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By Colin R. Howard, Howard

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In addition to the need for isolation of suspected and confirmed cases, other pathogens may induce a disease pattern similar to Lassa fever which may complicate clinical diagnosis. These include yellow fever, typhoid and malaria (Monath, 1973). Owing to the very high levels of virus present in the blood during the acute illness, isolation of virus is feasible by direct inoculation into Vero cell cultures. , 1975). , 1972). The cytopathology is characterized by the rapid development of necrotic foci which eventually results in complete destruction of the cell monolayer within one week.

Indeed, this agent would not have been detected without the use of suckling hamsters, and this raises the possibility that many other arenaviruses await to be characterized. The anomaly among the arenaviruses is the natural history of Tacaribe virus, this being the only member of the family to be isolated from a non-rodent source. The virus was isolated by the Trinidad Regional Virus Laboratory from two species of bat (Artibeus lituratus and A. , 1963). The first strain, designated TRVL 11573, was obtained from the brain of an animal caught in the Port of Spain, and subsequent isolations were all made from either brain or salivary gland homogenates, although one strain, number 13537, was made from a pool of mosquitoes collected in the forested region to the east of Trinidad.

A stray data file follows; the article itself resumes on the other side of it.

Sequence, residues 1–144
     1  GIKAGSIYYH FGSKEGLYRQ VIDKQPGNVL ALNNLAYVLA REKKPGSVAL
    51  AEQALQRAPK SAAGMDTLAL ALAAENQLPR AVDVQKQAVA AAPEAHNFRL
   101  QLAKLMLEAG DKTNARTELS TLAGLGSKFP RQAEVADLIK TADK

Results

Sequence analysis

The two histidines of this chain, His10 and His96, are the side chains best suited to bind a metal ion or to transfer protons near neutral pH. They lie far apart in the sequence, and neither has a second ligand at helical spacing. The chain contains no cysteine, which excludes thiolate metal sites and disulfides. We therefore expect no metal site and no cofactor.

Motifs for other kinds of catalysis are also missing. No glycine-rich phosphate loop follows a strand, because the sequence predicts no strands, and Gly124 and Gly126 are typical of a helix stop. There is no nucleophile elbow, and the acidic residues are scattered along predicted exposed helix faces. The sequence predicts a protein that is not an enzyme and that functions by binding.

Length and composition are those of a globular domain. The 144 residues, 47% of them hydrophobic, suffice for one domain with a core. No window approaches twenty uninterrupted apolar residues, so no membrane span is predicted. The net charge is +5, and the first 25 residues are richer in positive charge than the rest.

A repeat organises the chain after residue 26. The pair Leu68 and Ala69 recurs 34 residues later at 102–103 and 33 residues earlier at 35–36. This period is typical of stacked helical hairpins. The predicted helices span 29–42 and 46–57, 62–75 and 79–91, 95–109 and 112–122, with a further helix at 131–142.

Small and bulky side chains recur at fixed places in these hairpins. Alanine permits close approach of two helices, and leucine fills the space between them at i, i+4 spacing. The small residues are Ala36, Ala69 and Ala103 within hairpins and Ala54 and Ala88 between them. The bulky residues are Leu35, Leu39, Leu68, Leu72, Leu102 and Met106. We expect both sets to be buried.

1980). In man, complement-fixing (CF) antibodies are seen from one week after onset of illness, reaching a maximum by 6-8 weeks in the majority of cases. CF antibody levels then decline rapidly to disappear within 6 months (Smadel and Wall, 1940). The relatively short time course of C F antibody presence as compared to neutralizing antibody is therefore of some diagnostic value, with a positive result indicating ongoing or recent LCM infection (Rasmussen, 1947), although in some cases CF antibody may persist.

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